Private Richard Charles Strangman (No 3725) joined the AIF in May 1917. He was from Tumut, the son of Carey Strangman, and was 22 years old and single. He was a photographer by profession.
Allotted to the 10th Reinforcements of the 54th Battalion, he embarked in Sydney on 31 October 1917 on HMAT A14 (Euripides) and arrived in the UK in December. He was assigned to the 14th Training Battalion in Codford before going over to France in early April 1918, joining the 54th Battalion in the field near Villers-Bretonneux. On 28 August, nearing Peronne, he suffered wounds to the fingers of his left hand, but was able to rejoin his unit later that day.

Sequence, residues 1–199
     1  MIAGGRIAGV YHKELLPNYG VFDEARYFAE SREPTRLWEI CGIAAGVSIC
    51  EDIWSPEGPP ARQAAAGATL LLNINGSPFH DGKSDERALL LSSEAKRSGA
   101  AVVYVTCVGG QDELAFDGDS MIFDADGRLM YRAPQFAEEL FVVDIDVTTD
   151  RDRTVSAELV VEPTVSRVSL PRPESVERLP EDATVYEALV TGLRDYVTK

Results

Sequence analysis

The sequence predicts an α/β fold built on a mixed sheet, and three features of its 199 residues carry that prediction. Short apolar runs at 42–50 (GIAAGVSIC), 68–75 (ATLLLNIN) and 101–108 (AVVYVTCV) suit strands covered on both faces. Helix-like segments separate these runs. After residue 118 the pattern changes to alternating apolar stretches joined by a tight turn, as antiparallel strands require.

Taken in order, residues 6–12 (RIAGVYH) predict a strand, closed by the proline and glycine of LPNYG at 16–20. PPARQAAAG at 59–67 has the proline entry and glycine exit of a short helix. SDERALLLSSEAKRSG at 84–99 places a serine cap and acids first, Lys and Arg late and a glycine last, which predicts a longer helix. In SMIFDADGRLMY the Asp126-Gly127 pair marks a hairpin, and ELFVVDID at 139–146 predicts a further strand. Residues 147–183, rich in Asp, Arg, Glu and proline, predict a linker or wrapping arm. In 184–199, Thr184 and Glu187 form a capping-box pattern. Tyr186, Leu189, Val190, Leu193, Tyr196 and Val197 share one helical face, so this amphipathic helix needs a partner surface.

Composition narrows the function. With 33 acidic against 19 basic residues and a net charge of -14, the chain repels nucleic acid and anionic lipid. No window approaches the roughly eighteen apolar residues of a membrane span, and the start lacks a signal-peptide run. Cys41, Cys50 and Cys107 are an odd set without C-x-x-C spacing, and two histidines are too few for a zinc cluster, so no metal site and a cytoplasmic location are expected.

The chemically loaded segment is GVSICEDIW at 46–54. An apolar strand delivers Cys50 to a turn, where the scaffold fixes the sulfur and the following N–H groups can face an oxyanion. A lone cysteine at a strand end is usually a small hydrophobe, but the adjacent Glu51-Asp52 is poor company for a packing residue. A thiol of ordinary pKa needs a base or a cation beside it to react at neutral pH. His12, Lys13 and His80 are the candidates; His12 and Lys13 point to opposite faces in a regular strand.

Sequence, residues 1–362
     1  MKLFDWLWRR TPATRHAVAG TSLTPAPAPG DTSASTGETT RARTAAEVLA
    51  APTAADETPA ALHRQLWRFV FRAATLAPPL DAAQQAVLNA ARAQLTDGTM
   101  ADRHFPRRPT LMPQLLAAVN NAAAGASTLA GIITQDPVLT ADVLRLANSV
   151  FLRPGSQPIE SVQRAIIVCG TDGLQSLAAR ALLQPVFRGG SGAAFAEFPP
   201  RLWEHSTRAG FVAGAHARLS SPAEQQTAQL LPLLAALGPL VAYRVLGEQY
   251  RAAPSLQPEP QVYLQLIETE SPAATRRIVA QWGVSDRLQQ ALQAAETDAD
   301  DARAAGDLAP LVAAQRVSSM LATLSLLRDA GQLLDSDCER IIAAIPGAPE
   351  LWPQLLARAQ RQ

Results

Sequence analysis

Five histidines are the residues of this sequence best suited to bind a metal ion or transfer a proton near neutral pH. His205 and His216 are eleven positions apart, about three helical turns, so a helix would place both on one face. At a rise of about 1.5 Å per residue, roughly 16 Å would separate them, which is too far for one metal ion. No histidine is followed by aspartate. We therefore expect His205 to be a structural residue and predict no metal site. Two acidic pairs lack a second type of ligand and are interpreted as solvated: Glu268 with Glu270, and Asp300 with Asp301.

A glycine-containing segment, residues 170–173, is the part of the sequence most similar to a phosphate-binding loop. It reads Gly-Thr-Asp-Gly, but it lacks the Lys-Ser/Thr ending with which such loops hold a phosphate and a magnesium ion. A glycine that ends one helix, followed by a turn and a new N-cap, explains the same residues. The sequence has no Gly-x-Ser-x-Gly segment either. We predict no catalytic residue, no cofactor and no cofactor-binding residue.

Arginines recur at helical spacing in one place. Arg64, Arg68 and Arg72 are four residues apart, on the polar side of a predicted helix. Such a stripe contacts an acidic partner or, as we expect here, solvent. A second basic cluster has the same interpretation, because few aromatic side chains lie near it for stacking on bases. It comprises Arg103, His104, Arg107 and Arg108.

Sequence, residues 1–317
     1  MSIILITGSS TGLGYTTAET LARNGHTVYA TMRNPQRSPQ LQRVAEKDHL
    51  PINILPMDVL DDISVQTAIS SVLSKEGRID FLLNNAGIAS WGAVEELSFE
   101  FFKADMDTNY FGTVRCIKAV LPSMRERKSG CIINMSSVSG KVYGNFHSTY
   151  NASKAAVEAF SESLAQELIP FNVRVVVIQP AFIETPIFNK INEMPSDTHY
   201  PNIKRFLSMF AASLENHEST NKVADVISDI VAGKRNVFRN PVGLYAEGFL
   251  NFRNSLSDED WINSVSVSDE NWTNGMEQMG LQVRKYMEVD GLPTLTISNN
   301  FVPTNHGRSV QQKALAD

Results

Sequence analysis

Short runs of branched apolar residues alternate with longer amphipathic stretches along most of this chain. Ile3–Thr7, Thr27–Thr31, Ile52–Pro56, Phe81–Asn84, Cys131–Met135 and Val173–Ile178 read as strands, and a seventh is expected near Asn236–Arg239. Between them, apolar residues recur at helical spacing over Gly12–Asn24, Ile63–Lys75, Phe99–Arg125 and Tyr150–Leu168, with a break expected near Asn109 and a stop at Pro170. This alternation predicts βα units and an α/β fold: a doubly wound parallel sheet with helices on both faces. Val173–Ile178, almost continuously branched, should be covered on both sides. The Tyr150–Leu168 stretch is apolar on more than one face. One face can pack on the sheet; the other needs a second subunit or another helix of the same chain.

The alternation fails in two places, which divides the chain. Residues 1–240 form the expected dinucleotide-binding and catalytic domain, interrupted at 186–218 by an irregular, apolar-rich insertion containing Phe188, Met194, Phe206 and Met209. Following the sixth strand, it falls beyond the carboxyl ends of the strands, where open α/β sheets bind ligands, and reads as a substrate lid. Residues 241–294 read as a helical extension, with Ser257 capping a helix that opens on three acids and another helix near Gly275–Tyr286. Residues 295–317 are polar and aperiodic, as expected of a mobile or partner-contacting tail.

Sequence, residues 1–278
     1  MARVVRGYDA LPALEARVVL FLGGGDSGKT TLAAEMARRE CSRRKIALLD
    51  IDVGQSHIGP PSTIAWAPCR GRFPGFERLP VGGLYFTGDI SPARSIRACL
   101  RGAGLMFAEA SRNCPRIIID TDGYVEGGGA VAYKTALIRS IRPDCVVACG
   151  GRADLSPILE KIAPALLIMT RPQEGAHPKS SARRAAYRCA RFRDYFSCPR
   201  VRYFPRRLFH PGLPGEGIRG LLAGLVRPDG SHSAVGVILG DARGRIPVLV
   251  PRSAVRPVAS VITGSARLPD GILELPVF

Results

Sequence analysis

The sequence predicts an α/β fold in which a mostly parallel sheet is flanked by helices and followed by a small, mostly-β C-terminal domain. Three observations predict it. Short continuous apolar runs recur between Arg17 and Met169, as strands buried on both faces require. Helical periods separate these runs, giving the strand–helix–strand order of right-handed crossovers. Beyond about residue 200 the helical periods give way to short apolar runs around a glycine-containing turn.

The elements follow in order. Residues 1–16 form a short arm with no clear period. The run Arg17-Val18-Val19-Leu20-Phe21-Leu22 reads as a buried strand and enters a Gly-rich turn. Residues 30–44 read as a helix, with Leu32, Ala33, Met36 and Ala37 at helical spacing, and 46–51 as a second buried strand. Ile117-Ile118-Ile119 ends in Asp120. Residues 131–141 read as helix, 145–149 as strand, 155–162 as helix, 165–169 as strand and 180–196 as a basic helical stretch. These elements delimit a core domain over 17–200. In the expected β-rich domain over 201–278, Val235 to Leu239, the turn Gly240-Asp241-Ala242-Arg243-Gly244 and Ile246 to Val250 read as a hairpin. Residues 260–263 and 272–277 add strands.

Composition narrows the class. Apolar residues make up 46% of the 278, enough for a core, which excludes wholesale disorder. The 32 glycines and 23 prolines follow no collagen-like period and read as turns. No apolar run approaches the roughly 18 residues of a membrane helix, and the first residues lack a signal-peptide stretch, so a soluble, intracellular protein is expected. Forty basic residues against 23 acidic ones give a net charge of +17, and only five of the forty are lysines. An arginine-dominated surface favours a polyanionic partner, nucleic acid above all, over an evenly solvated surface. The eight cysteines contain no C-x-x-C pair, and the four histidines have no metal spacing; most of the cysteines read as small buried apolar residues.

On 11 October the remnants of the 54th and 56th Battalions amalgamated to form the 56/54th Battalion. Strangman remained with this unit (often referred to as just the 56th Battalion), until his return to Australia in July 1919 aboard the Friedrichsruh. Arriving back in Sydney in early September 1919, he was discharged from the AIF later that month. Strangman continued his career as a commercial photographer after the war, in Tumut and then in Canberra. Strangman took many photographs of the Australian War Memorial site, construction and galleries in the 1930s and 1940s.